For $G$ a finite nonabelian group, you can't really make sense of $G(1)$. However, you can still make sense of a $G(1)$-bundle on $E$, at least when the order $|G|$ is invertible in $R$. To explain this, let me assume for simplicity that $R$ is an algebraically closed field of characteristic zero, and try to describe everything in way that is invariant under automorphisms of $R$. Let $\Lambda$ denote the etale fundamental group of $E$: this is a free module of rank $2$ over the ring $\widehat{ \mathbf{Z} }$ of profinite integers. The datum of a $G$-bundle on $E$ (up to isomorphism) is equivalent to the datum of map $\Lambda \rightarrow G$ (up to conjugacy). So you can define the datum of a $G(1)$-bundle on $E$ (up to isomorphism) to be the datum of a map $\Lambda(-1) \rightarrow G$ (up to conjugacy). Here $\Lambda(-1)$ denotes the twist of $\Lambda$ by the inverse of the cyclotomic character. In the language of etale cohomology, $\Lambda(-1)$ is just $H^{1}(E; \widehat{\mathbf{Z}})$.

So that's the sort of datum that $M_{G}$ is supposed to classify. You get to identify $M_{G}$ with the moduli stack of $G$-bundles on $E$ if you choose a compatible system of roots of unity in $R$, for example by taking $R = \mathbf{C}$).

Now suppose you're given a level $k$ on $G$, which we can identify with an element of $H^{4}(BG; \mathbf{Z} ) = H^3(BG; \mathbf{Q} / \mathbf{Z} )$. Let $T$ denote the profinite torus $B \Lambda(-1)$. Suitably interpeted, we have $H_2(T) = H^2(E) = \widehat{ \mathbf{Z} }(-1)$, and $M_{G}$ classifies maps $T \rightarrow BG$. You can now apply the construction that Qiaochu suggested: pull back the level to $T$ and integrate to get a class in $H^1( Spec R, (\mathbf{Q} / \mathbf{Z})(1) )$. Of course, that class will be trivial, but if you do everything at the level of cochains rather than cohomology classes you'll obtain the datum of a $( \mathbf{Q} / \mathbf{Z} )(1) = \mu_{\infty}(R)$-torsor, which determines an $R$-line.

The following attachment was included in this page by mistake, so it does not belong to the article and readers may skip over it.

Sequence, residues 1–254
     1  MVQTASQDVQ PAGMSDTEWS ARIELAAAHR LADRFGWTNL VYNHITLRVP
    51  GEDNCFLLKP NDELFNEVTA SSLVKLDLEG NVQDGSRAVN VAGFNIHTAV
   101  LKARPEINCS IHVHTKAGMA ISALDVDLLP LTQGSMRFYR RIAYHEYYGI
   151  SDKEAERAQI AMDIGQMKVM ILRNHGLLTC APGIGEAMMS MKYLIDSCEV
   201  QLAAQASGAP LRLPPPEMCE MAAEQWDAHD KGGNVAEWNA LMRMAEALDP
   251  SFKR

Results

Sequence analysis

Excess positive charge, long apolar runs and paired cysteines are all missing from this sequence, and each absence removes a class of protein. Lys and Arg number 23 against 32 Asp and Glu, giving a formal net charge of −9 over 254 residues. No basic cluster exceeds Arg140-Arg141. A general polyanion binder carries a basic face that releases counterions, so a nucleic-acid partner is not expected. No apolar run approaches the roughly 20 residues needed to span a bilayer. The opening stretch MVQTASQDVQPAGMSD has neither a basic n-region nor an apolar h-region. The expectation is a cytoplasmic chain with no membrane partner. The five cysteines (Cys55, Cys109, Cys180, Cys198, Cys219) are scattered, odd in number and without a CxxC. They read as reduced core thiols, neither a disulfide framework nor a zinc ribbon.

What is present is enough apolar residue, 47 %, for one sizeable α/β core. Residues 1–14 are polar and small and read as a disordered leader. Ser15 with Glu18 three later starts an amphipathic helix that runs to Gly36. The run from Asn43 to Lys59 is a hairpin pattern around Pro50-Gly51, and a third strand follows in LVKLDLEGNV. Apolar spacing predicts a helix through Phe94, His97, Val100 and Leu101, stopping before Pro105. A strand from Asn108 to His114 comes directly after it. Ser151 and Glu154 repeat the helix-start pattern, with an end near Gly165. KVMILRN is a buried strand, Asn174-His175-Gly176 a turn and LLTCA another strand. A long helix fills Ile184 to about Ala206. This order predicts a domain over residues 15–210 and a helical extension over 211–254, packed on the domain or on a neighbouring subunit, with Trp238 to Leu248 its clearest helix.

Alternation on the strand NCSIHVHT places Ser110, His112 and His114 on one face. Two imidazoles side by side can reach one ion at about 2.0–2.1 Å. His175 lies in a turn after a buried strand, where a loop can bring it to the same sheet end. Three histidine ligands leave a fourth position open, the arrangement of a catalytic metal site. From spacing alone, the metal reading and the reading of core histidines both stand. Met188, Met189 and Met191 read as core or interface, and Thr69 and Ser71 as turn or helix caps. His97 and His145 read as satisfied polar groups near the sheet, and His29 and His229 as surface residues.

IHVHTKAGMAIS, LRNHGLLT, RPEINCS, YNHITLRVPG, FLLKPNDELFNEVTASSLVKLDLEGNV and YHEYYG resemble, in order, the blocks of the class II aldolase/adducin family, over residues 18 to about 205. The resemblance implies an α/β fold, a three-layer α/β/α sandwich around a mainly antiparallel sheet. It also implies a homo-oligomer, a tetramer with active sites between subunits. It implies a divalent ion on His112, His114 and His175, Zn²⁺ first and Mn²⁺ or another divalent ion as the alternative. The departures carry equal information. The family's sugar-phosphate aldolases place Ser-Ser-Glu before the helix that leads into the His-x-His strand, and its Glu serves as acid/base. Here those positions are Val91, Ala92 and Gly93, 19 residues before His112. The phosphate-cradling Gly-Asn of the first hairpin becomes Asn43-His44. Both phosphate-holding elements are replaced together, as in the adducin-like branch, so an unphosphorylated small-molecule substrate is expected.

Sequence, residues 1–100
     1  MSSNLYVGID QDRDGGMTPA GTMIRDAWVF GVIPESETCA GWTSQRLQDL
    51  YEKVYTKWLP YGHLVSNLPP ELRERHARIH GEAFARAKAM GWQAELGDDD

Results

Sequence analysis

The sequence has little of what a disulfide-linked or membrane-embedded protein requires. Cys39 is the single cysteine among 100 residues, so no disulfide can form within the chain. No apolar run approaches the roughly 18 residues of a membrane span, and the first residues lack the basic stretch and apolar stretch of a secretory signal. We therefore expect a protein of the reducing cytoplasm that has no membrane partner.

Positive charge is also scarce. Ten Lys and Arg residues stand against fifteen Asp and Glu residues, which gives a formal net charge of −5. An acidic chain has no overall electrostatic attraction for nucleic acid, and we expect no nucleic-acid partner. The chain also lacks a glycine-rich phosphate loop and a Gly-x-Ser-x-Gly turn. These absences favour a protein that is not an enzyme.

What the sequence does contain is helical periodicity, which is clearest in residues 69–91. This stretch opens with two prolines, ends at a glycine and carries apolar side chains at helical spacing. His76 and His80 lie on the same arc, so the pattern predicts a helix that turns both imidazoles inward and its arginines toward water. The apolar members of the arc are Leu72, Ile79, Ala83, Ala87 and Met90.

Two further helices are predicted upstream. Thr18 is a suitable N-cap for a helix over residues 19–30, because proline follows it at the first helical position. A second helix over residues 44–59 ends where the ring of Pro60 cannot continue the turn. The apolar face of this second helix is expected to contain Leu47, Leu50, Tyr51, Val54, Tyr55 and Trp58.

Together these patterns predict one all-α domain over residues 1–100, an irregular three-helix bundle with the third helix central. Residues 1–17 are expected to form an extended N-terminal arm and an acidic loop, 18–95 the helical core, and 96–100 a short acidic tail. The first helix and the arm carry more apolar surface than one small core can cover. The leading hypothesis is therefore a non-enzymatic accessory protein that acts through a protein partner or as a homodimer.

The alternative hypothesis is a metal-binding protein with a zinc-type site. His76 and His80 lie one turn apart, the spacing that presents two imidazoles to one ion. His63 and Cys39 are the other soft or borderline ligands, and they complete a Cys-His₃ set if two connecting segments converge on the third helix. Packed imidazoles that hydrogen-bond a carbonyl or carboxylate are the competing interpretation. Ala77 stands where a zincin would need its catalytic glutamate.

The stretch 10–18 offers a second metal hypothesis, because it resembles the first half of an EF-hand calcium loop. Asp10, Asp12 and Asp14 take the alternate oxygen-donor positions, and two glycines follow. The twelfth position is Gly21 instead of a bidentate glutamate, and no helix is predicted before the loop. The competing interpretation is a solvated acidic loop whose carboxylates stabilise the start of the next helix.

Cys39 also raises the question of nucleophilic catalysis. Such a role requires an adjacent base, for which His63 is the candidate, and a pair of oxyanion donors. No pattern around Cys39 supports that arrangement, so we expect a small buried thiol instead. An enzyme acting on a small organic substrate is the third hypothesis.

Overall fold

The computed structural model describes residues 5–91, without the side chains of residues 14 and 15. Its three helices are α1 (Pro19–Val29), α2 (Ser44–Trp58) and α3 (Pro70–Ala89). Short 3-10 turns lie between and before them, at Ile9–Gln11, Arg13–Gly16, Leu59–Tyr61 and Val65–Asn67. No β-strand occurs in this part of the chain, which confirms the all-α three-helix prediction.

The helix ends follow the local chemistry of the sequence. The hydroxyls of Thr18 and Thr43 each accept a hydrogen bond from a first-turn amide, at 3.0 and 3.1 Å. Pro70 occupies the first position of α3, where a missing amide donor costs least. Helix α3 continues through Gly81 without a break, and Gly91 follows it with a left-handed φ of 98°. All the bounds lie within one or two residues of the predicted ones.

If you say all this carefully, you'll end up with something with makes sense as long as $|G|$ is invertible in $R$ (if $|G|$ is not invertible in $R$, then I don't know a construction which avoids elliptic cohomology, although in many cases you get answers which are well behaved in pure algebraic geometry; for example, when $G$ is a symmetric group and the level is zero). I don't think it makes sense for curves of higher genus: in the discussion above, it is important that $\pi_{1} E$ is abelian.

This isn't an answer. André surely knows what I'm about to say already, but here is some context for guessing what this story should look like. The context is 3d Dijkgraaf-Witten theory: this is a family $Z_{G, k}$ of 3d topological field theories depending on a finite group $G$ and a cocycle $k \in Z^3(BG, \mathbb{C}^{\times})$ (note that $H^3(BG, \mathbb{C}^{\times}) \cong H^4(BG, \mathbb{Z})$).

The value $Z_{G, k}(\Sigma)$ of Dijkgraaf-Witten theory on a closed surface $\Sigma$ is a complex vector space, constructed in the following way. If $X$ and $Y$ are two spaces let $[X, Y]$ denote the mapping space. In particular, $[\Sigma, BG]$ is the space of $G$-bundles on $\Sigma$. The pullback of $k$ along the evaluation map

$$\Sigma \times [\Sigma, BG] \to BG$$

produces a cocycle in $Z^3(\Sigma \times [\Sigma, BG], \mathbb{C}^{\times})$. The transgression of this cocycle along the projection $\Sigma \times [\Sigma, BG] \to [\Sigma, BG]$ produces a cocycle in $Z^1([\Sigma, BG], \mathbb{C}^{\times})$, which one should interpret as a (flat) complex line bundle, and $Z_{G, k}(\Sigma)$ is the space of (flat) global sections of this line bundle.

In the setting where $\Sigma$ is replaced with an elliptic curve $E$ (or algebraic curve of higher genus), the transgression operation we're looking for (which I don't know how to define) should interpret cocycles in $Z^3(-, \mathbb{C}^{\times})$ as some kind of 3-line bundles, and "integrate" over $E$ to produce algebraic line bundles over $\text{Loc}_G(E)$.

In particular, if $R \neq \mathbb{C}$ then $k$ might live in something more like $Z^3(BG, R^{\times})$.

• So why is this not an answer? :D – მამუკა ჯიბლაძე Dec 19 '15 at 8:30
• @მამუკა ჯიბლაძე: in the Dijkgraaf-Witten theory picture you only see the surface as a manifold, not as a Riemann surface / algebraic curve. – Qiaochu Yuan Dec 19 '15 at 8:36
• So the only missing piece is to provide meaning of something like $Z^3(-,{\mathbb C}^\times)\sim Z^2(-,Pic)\sim Z^1(-,Br)$? Or there are some other unclear details? – მამუკა ჯიბლაძე Dec 19 '15 at 9:16
• @მამუკა ჯიბლაძე: the missing pieces are to 1) give this some meaning and 2) write down a transgression map that "integrates" such a thing over an elliptic curve (or algebraic curve of higher genus) to produce a line bundle. – Qiaochu Yuan Dec 19 '15 at 19:54